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Word Count: 708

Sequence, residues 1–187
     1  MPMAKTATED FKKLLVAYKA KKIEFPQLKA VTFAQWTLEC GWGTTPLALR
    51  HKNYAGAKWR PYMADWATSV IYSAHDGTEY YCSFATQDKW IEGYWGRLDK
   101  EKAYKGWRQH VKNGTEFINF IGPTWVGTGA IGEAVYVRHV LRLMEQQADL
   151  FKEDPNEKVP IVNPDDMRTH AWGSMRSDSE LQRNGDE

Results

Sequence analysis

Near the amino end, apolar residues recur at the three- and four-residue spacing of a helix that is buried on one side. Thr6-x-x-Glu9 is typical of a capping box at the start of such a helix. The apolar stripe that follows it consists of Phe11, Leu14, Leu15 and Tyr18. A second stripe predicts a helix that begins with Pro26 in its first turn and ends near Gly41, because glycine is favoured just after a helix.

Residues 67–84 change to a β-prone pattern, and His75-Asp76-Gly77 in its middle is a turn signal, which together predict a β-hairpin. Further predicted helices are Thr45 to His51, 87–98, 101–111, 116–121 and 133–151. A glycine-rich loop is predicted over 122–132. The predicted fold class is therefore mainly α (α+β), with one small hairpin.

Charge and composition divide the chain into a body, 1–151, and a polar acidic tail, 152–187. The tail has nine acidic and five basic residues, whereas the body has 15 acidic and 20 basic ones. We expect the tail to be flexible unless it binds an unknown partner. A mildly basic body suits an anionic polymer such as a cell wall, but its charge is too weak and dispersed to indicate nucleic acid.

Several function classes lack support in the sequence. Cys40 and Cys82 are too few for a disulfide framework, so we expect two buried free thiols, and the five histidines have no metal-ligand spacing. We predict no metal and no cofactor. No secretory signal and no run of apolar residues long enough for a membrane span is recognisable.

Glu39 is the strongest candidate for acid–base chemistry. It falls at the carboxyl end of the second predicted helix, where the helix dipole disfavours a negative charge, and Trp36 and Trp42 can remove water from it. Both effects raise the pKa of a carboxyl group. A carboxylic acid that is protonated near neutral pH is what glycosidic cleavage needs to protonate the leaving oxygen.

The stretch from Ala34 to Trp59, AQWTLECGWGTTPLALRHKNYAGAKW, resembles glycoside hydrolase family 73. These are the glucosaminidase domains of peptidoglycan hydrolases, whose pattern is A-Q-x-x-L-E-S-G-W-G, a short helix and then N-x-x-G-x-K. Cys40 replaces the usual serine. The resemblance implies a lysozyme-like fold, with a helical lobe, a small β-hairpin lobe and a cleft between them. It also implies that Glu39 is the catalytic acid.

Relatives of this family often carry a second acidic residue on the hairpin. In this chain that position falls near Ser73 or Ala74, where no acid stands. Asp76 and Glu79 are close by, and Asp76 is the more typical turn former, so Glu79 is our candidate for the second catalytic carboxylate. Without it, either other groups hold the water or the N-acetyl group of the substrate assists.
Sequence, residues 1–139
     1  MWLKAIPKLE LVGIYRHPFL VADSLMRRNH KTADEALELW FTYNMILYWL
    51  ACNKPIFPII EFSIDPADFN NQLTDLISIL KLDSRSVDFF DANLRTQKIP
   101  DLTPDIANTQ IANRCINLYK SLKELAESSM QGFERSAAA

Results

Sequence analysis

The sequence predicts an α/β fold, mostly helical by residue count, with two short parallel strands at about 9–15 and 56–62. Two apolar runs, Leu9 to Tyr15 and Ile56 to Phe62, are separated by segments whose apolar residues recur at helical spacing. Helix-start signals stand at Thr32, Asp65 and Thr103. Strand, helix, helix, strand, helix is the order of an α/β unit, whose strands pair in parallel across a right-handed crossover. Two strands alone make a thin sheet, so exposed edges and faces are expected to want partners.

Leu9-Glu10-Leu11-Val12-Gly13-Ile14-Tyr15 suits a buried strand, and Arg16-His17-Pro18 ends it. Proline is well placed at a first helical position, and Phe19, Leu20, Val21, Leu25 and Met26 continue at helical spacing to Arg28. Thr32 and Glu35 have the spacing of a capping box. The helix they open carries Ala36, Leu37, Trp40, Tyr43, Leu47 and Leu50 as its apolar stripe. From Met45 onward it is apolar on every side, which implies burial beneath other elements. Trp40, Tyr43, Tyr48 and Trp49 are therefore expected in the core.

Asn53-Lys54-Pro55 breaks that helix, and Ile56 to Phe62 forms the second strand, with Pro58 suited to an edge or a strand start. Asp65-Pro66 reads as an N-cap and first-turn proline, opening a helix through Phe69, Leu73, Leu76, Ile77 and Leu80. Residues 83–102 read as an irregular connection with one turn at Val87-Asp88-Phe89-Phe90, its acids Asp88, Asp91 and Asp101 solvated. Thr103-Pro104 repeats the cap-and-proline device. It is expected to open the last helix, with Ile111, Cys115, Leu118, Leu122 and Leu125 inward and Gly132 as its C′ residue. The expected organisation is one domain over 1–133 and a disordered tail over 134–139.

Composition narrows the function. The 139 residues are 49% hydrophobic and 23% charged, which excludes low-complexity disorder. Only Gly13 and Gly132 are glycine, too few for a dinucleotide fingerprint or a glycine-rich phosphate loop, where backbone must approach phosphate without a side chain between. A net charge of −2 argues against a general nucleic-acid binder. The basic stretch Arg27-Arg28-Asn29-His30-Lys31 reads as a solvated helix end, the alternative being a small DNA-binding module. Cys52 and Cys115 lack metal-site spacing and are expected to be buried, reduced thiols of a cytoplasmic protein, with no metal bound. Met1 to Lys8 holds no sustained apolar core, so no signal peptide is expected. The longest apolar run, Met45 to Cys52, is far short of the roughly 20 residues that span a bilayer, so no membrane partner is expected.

Homesick Blues written by Langston Hughes in 1926 towards the beginning of the Harlem Renaissance and Tin Roof Blues written by Sterling A Brown in 1931 towards the end of the Harlem Renaissance are two woeful poems that both make use of the basic form and elements of the blues On a broader level they have the same theme of migration and their speakers express similar motivations for and desires of migration The poems major symbol the train is also similar in shape and significance Although historically jazz not the blues is associated with the Harlem Renaissance the writers of the movement celebrated the musical styling of the blues in their poetry Homesick Blues and Tin Roof Blues are perfect examples of this Browns Tin Roof Blues is written in the more traditional blues form three lines of four beats each per versestanza with the first line of each versestanza repeated twice and followed by a third end-rhymed line For example the first stanza of the poem reads Im goin where de Southern crosses top de C O Im goin where de Southern crosses top de C O Im goin down de country cause I cant stay here no mo Homesick Blues while not adhering to the blues form as strictly as Tin Roof Blues still maintains some of its elements such as repetition but instead of repeating without interruption its lines repeat every other line which the first four lines of its first stanza illustrates De railroad bridges A sad song in de air De railroad bridges A sad song in de air When this poem is read aloud however it sounds as though it is written in the traditional form of the blues In addition to celebrating the musical styling of the blues in their poetry the writers of the Harlem Renaissance often focused on the theme of migration which hundreds of thousands of the members of their primary audience African
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